Studs Terkel -discussing the very play. So here we are. You know, we can go on and this can become chaotic too, can it not, even this very conversation.
Michael Frayn Yes.
Studs Terkel Yet there is- it's for about an hour- there as we're talking out, here, let's just- let's just think out loud for a little. I have a radio program, runs for about an hour, say 55 minutes, so I was thinking, I want about 55 minutes of Michael Frayn. That's kind of funny, isn't it, because it would be 3, 4 hours but 55 minutes. I was thinking well, what am I going to have- well the play obviously, yet we know the play leads to- because play's a reflection of the way you look at things.
Michael Frayn Yes.
Studs Terkel And-
Michael Frayn It's certainly one structures time like this in terms of conversation. It's very funny, you do this- this program, these conversations in a- in a very informal way, as these things go, they're very spontaneously structured. I, once years ago, I used to appear on a discussion program on BBC Television at lunchtime which was supposed to look completely informal. We had lunch together, about eight of us, had lunch. At the end of lunch when they put the coffee on the table, the cameras would come in and we would just be found- just be found to be discussing some topic of the day. And in fact, the show was terribly carefully structured. In front of each us- of each of us was what looked like a menu card, and on the menu card was the list of topics that we'd agreed to talk about-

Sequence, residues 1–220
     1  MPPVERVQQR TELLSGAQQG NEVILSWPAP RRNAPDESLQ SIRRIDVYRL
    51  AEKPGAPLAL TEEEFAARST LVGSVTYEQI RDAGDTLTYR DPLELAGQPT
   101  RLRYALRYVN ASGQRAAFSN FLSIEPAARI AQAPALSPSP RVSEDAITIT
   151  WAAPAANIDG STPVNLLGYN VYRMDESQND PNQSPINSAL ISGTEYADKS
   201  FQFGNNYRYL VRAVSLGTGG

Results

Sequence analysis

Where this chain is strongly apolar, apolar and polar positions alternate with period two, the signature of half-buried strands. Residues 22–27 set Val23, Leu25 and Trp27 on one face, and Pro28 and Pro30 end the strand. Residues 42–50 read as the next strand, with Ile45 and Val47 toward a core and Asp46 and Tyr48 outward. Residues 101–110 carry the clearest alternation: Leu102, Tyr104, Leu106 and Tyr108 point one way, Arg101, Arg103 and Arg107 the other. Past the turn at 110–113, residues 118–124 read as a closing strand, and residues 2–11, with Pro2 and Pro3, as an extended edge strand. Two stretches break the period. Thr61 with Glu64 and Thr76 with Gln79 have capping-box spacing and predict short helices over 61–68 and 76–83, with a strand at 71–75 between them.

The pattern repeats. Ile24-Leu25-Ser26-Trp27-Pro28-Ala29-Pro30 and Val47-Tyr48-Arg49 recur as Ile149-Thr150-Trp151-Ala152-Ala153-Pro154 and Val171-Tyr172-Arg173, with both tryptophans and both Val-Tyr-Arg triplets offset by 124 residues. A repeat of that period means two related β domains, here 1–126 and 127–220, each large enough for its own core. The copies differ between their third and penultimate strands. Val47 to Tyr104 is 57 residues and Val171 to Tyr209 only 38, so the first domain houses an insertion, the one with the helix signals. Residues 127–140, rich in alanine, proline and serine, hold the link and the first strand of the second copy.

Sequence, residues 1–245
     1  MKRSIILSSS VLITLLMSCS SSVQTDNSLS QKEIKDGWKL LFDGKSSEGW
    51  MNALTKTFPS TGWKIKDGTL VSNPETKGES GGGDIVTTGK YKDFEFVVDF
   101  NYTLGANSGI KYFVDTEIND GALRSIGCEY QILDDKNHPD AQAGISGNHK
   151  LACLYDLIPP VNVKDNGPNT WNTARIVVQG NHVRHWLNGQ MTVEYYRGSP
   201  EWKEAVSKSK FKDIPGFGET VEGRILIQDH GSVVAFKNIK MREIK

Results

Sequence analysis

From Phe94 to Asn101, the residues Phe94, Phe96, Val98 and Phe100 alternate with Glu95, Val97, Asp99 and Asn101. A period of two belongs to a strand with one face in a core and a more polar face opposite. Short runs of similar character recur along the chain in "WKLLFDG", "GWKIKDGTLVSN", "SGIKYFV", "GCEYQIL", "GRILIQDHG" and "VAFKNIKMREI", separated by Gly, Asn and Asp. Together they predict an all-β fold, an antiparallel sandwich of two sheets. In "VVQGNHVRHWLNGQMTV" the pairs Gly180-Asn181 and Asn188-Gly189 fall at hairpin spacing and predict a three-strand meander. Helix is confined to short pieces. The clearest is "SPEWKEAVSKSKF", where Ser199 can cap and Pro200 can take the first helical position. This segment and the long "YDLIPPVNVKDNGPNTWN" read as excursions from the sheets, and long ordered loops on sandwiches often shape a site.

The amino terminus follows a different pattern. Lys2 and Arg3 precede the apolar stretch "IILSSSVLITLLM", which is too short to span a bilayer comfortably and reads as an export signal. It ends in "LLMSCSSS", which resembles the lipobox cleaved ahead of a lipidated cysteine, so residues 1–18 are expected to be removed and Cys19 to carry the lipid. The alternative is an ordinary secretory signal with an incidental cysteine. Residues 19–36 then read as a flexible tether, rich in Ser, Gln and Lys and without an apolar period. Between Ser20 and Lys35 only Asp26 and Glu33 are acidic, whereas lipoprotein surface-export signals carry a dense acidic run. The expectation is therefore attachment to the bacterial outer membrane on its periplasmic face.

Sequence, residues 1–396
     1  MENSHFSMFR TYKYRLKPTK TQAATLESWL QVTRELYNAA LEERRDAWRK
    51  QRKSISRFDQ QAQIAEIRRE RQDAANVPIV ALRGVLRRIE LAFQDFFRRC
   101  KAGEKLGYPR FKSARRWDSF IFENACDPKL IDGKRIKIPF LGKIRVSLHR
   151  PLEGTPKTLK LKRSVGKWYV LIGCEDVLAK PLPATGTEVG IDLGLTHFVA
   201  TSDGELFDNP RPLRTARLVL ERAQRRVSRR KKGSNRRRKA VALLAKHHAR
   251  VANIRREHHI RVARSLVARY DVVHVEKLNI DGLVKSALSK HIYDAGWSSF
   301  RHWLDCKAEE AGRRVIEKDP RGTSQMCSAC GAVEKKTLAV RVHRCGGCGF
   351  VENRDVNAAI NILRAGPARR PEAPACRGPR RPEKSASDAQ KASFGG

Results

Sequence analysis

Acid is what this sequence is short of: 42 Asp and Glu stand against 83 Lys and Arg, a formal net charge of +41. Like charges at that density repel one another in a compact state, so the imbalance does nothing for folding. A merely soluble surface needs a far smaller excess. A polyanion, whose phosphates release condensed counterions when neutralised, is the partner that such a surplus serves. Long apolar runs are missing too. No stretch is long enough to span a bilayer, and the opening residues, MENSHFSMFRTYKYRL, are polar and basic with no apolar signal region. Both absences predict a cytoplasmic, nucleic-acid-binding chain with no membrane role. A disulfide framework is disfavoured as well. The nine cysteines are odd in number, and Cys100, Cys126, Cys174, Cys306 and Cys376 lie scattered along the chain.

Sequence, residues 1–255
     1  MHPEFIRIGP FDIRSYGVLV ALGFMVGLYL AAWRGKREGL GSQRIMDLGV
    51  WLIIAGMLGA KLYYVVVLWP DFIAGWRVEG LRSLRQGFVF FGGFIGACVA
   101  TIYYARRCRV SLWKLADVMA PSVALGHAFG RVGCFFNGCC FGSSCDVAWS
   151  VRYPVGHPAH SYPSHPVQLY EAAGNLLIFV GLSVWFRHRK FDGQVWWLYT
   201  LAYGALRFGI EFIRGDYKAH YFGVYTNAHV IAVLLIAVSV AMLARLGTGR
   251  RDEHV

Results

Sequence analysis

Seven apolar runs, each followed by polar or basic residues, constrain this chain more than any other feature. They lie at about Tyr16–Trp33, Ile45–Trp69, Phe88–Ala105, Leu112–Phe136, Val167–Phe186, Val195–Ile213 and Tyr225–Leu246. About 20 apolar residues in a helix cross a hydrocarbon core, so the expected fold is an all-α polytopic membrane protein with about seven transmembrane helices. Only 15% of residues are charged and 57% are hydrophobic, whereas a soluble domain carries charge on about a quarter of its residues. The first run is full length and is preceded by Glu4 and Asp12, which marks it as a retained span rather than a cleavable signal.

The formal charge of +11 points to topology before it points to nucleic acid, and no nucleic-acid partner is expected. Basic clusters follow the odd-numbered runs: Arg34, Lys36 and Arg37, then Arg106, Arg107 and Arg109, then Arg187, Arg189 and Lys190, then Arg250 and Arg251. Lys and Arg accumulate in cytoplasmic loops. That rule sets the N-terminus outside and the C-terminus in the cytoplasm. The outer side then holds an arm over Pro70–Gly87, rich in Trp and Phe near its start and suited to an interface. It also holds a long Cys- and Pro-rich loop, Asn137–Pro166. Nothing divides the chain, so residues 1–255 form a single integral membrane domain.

Studs Terkel [Laughs]
Michael Frayn -and it was- they were structured into main topics, there'd be sort of three main topics, then there'd be a group sort of the- the fourth heading would have three subheadings or three short topics that we talked about that there, and then we go into the fourth and, there was one of the guests around the table was secretly the chairman, though he was never identified as such. And when the producer thought we'd talk long enough about any one subject he would appear creeping behind the cameras and hold up a board saying change subject now-
Studs Terkel [Laughs]
Michael Frayn -and this chairman would cut in on whatever you were saying and say, "oh yes your views about Belgian art, Michael, remind me that in South America the rubber industry is in a bad way."
Studs Terkel It was very spontaneous.
Michael Frayn Yes.
Studs Terkel You know as you're saying this, I have a beef, a grievance with BBC, and it's on this very point. The other day, in conjunction with the book [you've written?], Vic Feather, who's this quite remarkable man who, I should explain to American audiences is the equivalent in power to George Meany but wholly different, head of the Trades Union Committee-
Studs Terkel Congress.
Studs Terkel -Congress. And he's retired now, Lord Feather, which is kind of amusing. But Vic Feather's marvelous, and we had a half-hour. It was very exciting, I thought. And the producer was very good, says it is, and I've got to cut it down in 10 minutes and I said why? And he took all the spontaneity- it wasn't his fault, that's because that's upstairs. It's bureaucracy, of course, but somehow as a ritual established here, why couldn't it run for the half-hour? They have taken something else up that is- people hear every day. It was very exciting. I haven't heard the 10-minute version but I know some of the blood is out of, you see.